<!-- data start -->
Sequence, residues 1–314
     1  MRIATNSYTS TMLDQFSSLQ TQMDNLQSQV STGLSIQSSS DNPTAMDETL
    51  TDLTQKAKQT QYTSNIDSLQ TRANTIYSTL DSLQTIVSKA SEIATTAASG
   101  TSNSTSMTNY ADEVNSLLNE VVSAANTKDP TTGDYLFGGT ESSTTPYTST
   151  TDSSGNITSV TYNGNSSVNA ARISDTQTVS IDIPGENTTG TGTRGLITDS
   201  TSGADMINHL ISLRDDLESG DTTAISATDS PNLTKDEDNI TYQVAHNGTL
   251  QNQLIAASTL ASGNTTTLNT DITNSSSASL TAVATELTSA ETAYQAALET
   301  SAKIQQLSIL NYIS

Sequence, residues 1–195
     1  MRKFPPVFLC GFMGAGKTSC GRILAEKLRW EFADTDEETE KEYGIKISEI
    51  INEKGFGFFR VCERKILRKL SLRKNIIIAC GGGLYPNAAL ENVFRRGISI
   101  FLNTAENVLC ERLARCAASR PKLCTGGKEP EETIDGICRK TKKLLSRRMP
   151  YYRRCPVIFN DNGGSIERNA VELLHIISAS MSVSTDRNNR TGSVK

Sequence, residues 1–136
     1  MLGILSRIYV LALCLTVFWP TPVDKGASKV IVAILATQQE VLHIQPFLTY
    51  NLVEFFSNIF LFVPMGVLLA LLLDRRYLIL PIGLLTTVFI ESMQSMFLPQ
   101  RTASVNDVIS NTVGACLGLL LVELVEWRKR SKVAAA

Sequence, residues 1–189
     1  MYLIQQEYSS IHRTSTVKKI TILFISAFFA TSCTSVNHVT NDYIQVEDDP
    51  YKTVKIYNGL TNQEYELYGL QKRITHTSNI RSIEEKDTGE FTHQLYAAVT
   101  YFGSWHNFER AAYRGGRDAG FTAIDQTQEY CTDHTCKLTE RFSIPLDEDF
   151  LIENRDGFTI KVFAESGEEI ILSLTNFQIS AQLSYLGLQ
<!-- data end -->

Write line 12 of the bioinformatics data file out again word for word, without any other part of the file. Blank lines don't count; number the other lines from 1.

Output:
   101  FLNTAENVLC ERLARCAASR PKLCTGGKEP EETIDGICRK TKKLLSRRMP